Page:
VSync is configured in the ‘Gaming’ section of ‘Radeon Settings’, where it is referred to as ‘Wait for Vertical Refresh’. This can either be set globally under ‘Global Settings’, or alternatively for each game title on its own. The default is ‘Off, unless application specifies’ which means that VSync is only active if you enable it within the game itself, if such an option exists (it usually does). It might not be called ‘VSync’ but may be referred to as ‘sync every frame’ or something along those lines. Most users will likely want to enable VSync when using FreeSync to ensure that they don’t get any tearing. One of the final two options in the list, shown in the image below, would therefore be preferable.

VSync options

Note that the monitor doesn’t provide any indication that FreeSync is active (although, provided everything is set up as above, it should be). Finally, bear in mind that FreeSync can only remove stuttering or juddering from frame and refresh rate mismatches, it can’t compensate for other interruptions to smooth gameplay such as network latency or insufficient system memory.

FreeSync – the experience

For this section we will focus on our experiences on BF1. Although we tested a broad range of titles and they all benefited from FreeSync, BF1 provides sufficient flexibility in its graphics settings to fully test this technology. Using the ‘Auto’ settings determined for our system (which includes a Radeon 290 FreeSync-capable GPU), the frame rate fluctuated quite considerable between around 70 – 130fps. With FreeSync disabled and the monitor set to a static 144Hz, there was noticeable tearing and juddering (VSync off) or stuttering (VSync on). To eliminate the stuttering, the graphics settings had to be lowered so that a consistent 144fps could be achieved.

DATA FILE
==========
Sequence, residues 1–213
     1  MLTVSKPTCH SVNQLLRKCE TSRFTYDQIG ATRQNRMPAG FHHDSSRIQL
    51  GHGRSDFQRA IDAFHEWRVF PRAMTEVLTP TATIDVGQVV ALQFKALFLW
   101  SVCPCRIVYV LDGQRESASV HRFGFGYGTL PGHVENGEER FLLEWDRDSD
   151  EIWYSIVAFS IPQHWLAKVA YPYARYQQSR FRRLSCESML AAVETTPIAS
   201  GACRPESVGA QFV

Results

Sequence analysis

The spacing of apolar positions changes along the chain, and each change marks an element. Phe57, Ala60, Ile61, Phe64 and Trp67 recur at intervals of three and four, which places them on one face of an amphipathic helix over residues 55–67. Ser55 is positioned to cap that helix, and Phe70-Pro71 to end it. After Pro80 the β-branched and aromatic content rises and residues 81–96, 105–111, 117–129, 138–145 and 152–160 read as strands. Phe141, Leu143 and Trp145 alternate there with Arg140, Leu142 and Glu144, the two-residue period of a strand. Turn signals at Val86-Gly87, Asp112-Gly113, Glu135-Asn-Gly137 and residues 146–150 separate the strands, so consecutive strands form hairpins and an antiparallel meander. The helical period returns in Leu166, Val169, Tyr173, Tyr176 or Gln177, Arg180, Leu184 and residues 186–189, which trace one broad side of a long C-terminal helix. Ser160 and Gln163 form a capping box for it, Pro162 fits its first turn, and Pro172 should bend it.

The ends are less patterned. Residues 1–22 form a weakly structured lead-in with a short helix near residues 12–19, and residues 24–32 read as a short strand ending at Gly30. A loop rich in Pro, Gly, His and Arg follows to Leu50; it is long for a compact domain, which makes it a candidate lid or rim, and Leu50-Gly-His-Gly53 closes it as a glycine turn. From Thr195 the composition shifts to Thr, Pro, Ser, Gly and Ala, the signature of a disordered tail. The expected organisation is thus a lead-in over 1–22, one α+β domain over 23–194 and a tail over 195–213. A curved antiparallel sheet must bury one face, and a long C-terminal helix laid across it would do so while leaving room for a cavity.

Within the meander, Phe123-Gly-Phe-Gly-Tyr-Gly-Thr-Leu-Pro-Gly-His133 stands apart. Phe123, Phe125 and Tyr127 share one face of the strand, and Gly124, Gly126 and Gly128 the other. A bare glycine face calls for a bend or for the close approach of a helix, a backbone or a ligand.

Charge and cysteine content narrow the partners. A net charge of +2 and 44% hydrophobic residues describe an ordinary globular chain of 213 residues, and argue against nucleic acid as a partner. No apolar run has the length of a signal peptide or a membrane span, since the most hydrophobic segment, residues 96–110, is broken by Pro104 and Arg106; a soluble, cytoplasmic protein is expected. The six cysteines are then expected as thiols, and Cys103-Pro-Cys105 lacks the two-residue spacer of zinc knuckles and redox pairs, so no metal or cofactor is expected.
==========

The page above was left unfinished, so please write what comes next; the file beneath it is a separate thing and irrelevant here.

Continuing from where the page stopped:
With FreeSync, the dips were far more palatable due to the lack of tearing or stuttering that would otherwise occur. The ‘flow’ of the game was therefore much better. It is worth remembering, though, that low frame rates remain low frame rates. The level of perceived blur is increased and ‘connected feel’ decreased as the frame rate drops, regardless of whether FreeSync is active. The connected feel and level of perceived blur was good overall with relatively high frame rates (generally triple digits) but was noticeably hampered as the frame rate dropped. If the graphics settings and in particular ‘Resolution Scale’ setting was bumped up, the frame rate dipped further to anywhere between about 20fps and 60fps. This is actually lower than the hardware floor of operation for FreeSync (70fps via DP, as we were using). Fortunately LFC, mentioned earlier, did its thing to keep tearing and stuttering at bay. But the loss of connected feeling and obvious increase in perceived blur still hampered the experience.

If you recall, we observed a greater level of overshoot (inverse ghosting) in the UFO Motion Test with the monitor set to 100Hz that at higher refresh rates or indeed 60Hz. Because FreeSync allows the monitor to dynamically adjust its refresh rate, you do actually enter this ‘zone of more obvious inverse ghosting’ at certain frame rates. The extent of this varies depending on the transitions and it certainly isn’t universal, but generally we found the overshoot most pronounced at around 80 – 110fps (80 – 110Hz). Although in some cases it was more obvious a bit either side of this compared to at 144Hz. This is related to the refresh rate, specifically, so if you are not using FreeSync and the monitor is set to a static 144Hz you will not see this extent of overshoot regardless of frame rate. This is not an issue that everyone will notice, but is highlighted and explained in the video below. Note that even overshoot that appears relatively slight to the eye is often exaggerated in videos and that is the case here with the monitor set to 144Hz. The video is quite representative of how things looked at 100Hz in terms of overshoot, however.

Impulsive Scanning (strobe backlight)